The UK government has a long-term strategy to reduce carbon and nitrogen dioxide levels in travel and improve air quality across the country – specifically in targeted hotspots, which include areas of Bradford city.
One of its weapons in this battle is to discourage and penalise the use of older, more polluting commercial vehicles. As a result, it has tasked some local authorities with introducing CAZs.
Some CAZs went live in 2021 (for example; Bath, Birmingham, Portsmouth and London’s extended Ultra Low Emissions Zone). More are scheduled to take effect later this year, including: Bristol, Greater Manchester, Newcastle, Oxford, Sheffield and Bradford.
The Bradford scheme will impact on the city’s population of over half a million people and its thousands of businesses. It will be a Class C CAZ, which will affect commercial vehicles – including buses, coaches, lorries, vans and taxis – but not privately-owned passenger cars.
The CAZ will cover the area inside (and including) the Bradford outer ring road and an area along the Aire Valley corridor to include Shipley and Saltaire.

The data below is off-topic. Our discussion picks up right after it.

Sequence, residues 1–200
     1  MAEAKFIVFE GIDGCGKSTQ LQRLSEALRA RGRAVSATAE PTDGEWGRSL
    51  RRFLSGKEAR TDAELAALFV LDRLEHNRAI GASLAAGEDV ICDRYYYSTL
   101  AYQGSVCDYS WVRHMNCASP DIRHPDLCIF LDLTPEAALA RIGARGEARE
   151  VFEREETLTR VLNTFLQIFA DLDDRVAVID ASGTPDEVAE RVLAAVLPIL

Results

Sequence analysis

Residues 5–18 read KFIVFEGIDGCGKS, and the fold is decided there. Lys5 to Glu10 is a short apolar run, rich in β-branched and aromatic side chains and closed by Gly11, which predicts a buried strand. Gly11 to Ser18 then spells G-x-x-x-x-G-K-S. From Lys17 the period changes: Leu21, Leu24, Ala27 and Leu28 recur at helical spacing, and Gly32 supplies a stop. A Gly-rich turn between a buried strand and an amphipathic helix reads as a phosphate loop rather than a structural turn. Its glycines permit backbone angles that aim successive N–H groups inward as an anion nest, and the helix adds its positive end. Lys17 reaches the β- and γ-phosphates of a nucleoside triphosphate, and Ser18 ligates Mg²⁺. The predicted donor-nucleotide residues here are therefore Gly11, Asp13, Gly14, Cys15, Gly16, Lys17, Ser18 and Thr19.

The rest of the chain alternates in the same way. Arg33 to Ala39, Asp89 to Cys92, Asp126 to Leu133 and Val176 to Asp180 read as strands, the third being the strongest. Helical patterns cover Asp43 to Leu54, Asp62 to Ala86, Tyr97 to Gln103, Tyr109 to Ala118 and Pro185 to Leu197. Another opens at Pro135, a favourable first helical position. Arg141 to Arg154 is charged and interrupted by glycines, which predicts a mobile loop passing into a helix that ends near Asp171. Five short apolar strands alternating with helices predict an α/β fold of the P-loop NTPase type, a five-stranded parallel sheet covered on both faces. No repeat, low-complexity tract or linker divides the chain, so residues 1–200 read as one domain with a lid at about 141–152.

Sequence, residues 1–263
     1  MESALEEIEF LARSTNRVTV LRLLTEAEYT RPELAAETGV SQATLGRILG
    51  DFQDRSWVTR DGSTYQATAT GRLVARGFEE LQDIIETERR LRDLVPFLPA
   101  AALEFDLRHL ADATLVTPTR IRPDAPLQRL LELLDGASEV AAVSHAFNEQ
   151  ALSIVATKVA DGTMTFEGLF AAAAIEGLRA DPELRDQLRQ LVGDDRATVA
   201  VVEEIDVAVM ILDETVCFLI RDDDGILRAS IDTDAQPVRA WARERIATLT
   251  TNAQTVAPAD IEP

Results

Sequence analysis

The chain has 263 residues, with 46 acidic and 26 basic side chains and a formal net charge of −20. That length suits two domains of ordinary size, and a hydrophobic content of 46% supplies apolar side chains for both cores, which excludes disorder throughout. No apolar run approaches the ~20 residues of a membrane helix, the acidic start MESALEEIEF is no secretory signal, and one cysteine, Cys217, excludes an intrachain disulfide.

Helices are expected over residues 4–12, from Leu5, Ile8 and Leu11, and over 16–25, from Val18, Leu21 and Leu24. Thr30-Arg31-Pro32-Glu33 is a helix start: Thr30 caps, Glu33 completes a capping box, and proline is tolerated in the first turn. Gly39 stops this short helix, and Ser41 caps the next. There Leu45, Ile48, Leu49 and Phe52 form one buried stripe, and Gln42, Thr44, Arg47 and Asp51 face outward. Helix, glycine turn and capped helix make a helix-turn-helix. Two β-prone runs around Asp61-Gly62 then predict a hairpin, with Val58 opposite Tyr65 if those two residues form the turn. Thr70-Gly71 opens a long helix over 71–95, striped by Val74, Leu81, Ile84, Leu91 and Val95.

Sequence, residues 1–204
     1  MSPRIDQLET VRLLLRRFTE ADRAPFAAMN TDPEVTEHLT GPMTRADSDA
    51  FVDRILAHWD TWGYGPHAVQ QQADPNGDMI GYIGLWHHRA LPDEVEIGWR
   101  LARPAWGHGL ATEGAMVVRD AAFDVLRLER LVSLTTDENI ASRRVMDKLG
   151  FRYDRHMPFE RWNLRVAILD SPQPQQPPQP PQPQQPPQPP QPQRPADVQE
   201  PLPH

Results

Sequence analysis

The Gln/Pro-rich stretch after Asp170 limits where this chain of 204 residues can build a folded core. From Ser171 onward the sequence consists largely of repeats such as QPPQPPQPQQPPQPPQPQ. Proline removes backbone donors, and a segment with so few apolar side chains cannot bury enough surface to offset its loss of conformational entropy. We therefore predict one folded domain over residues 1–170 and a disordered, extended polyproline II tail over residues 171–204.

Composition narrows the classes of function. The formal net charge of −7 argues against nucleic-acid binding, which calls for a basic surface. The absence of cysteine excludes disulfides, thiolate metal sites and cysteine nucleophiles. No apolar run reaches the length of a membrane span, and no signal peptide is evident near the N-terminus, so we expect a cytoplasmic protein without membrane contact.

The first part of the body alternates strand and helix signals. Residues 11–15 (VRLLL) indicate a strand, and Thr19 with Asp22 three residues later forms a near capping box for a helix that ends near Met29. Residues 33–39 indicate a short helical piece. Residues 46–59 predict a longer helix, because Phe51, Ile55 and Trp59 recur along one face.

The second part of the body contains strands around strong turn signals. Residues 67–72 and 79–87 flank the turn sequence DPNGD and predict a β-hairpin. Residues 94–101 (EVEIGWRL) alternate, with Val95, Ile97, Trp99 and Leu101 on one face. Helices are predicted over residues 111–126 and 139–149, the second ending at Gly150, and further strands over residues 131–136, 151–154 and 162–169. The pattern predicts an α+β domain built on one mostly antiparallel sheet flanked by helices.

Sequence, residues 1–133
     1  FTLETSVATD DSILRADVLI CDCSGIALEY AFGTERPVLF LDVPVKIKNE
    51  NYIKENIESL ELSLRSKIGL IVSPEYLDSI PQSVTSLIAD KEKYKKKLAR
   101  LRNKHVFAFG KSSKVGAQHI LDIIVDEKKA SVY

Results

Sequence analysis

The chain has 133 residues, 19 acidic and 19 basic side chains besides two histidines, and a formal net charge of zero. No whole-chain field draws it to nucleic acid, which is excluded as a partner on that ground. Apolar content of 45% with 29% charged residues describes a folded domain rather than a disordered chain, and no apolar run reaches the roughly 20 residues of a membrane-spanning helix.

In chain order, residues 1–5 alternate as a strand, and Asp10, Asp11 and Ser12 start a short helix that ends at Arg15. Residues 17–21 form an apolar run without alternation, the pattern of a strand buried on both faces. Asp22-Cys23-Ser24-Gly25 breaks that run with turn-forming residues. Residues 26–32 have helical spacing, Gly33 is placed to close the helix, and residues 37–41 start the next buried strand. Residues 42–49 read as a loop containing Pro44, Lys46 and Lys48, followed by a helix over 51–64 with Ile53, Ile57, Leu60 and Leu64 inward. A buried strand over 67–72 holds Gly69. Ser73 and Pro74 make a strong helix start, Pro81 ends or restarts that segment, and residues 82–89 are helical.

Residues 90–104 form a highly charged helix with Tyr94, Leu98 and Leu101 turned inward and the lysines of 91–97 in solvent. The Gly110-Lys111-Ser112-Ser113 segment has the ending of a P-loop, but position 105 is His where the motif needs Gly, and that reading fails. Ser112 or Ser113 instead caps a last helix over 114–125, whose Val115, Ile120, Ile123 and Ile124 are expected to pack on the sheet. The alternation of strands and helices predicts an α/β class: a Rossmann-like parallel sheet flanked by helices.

It will operate 24/7, all year round, and will be enforced by Automatic Number Plate Recognition (APNR) cameras, which will record all vehicle movements in and out of the zone.
The minimum compliance requirement for diesel HGV engines will be Euro 6. Non-compliant HGVs will be charged £50 per day to travel in the zone.
If you don’t prepare for the change and mitigate against the daily charge, the financial impact on your business could be significant – yet more pressure on top of the double-whammy of Brexit and COVID-19, plus the economic effects of the forthcoming ban on red diesel in refrigerated transport, which comes into effect on 1st April.
If you’re operating older trucks into Bradford seven days a week, the new CAZ could cost you £18,250 per truck per year!